Australia’s ‘fair go’ is missing for one in four, with major discrimination present
A new report, conducted by researchers from BehaviourWorks Australia (BWA) (part of the Monash Sustainable Development Institute (MSDI), is the first of its kind to measure social inclusion across Australia, finding that as a nation, the often lauded “fair go” is missing for one in four.
The first Inclusive Australia Social Inclusion Index (IASII) found that nearly one in four Australians have recently experienced a form of major discrimination, while those who are in religious or racial minorities, as well as Aboriginal and Torres Strait Islander peoples, face the highest levels of prejudice.
The IASII provides scores out of 100 on five key measures and explores both major and everyday discrimination, with Australia’s overall index score being 62 out of 100.
The findings will be of interest to those in the early childhood education and care (ECEC) sector not only for their social justice implications, but also for reflection and consideration in terms of human resources policies and procedures, and monitoring of staff wellbeing.
BWA Director Professor Liam Smith, who also sits on the board of Inclusive Australia (IA), said until now there have been very few tools to holistically measure Australia’s progress towards social inclusion.
“Research exists on the specific issues faced by specific minority groups in Australia, however it only tells part of our social inclusion story. The IASII bridges this gap by measuring multiple issues and factors,” Professor Smith said.
Billions of dollars a year is lost from the Australian economy through lost productivity as a result of social exclusion, he said, noting that the report aims to “measure ingrained attitudes and behaviours towards people from different backgrounds, perspectives and circumstances”.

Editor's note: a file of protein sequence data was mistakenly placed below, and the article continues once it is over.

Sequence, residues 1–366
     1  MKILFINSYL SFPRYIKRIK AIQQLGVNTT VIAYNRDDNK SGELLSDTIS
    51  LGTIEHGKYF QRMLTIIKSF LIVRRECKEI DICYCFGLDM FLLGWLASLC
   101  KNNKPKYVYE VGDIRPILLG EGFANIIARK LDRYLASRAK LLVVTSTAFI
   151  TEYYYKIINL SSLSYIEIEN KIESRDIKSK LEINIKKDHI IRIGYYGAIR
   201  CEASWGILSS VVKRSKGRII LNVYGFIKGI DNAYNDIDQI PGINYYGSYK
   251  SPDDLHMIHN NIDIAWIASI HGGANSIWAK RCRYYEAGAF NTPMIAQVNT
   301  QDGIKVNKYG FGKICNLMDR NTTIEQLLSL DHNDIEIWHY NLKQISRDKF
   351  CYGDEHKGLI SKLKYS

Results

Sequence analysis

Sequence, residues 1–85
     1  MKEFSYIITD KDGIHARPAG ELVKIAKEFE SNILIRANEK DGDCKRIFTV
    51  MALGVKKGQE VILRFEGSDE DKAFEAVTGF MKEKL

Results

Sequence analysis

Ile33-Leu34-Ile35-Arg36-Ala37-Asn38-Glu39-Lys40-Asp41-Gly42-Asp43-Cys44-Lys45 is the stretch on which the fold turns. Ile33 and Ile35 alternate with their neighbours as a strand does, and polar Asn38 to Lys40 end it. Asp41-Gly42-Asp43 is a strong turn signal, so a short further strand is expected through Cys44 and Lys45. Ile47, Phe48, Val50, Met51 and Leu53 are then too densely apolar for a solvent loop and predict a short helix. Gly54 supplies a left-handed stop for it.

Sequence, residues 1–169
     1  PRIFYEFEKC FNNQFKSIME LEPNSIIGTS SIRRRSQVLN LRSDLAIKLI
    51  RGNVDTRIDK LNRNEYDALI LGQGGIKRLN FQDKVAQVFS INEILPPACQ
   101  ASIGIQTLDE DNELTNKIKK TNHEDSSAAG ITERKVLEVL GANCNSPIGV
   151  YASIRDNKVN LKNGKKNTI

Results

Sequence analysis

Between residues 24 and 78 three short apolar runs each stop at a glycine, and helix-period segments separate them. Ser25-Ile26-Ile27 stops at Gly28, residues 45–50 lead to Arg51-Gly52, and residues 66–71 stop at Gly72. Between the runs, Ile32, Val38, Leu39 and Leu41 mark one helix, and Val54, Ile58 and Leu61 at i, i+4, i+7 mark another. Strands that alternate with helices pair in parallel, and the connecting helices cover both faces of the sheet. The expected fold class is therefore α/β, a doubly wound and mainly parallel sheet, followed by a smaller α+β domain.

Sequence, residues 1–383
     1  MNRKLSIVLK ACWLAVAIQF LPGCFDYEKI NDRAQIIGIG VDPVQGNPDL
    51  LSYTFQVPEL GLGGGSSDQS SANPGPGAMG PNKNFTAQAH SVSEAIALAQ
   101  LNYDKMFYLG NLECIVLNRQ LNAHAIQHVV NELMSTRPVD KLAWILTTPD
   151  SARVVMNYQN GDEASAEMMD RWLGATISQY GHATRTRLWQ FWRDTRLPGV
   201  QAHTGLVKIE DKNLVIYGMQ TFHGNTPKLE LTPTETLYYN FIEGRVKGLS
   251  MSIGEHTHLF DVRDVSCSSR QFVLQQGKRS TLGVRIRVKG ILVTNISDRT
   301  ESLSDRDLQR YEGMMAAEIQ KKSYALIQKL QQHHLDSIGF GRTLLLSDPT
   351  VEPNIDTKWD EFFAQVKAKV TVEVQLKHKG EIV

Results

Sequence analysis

- Nearly one in four Australians regularly experience some form of discrimination at least weekly, such as being treated with less respect and courtesy or being called names.
- The groups that reported the most frequent discrimination were young people (aged 18-24), LGBTI people, racial minorities, Aboriginal and Torres Strait Islander peoples and people with disabilities.
- Individuals that belong to more than one minority group tend to experience significantly higher levels of discrimination than people who belong to only one minority group.
- 39 per cent of Australians have little or no contact with certain minority groups. (A lack of contact is associated with higher prejudice)
- Over half of respondents are willing to intervene to stop discrimination when they see it, however less than a third are willing to participate in political activities to advocate for equality.
Three waves of survey data, collected between 2017 and 2018 from approximately 6,000 Australians were used to benchmark social inclusion in Australia and produce the report, which captures the experiences of, and attitudes towards, groups including racial and religious minorities, LGBTI people, Aboriginal and Torres Strait Islander peoples, women, people with disabilities, low income earners, young people and older people.
“Reducing prejudice, creating more opportunities for intergroup contact and friendship, and building minority groups’ sense of wellbeing are some of the challenges we need to address,” Dr Faulkner said.
Offering some hope, Research fellow at BWA, Dr Kun Zhao, said there were a number of positive findings, particularly when it comes to the actions Australians are happy to take to support social inclusion.
“Half of those surveyed are prepared to listen to the stories of those who have been discriminated against, and this is promising given the large amount of research showing that contact between different groups is one of the major ways in which we can build empathy and reduce prejudice between people.”
The IASII will be published annually and provide evidence to help track progress and evaluate initiatives to improve social inclusion in Australia over time.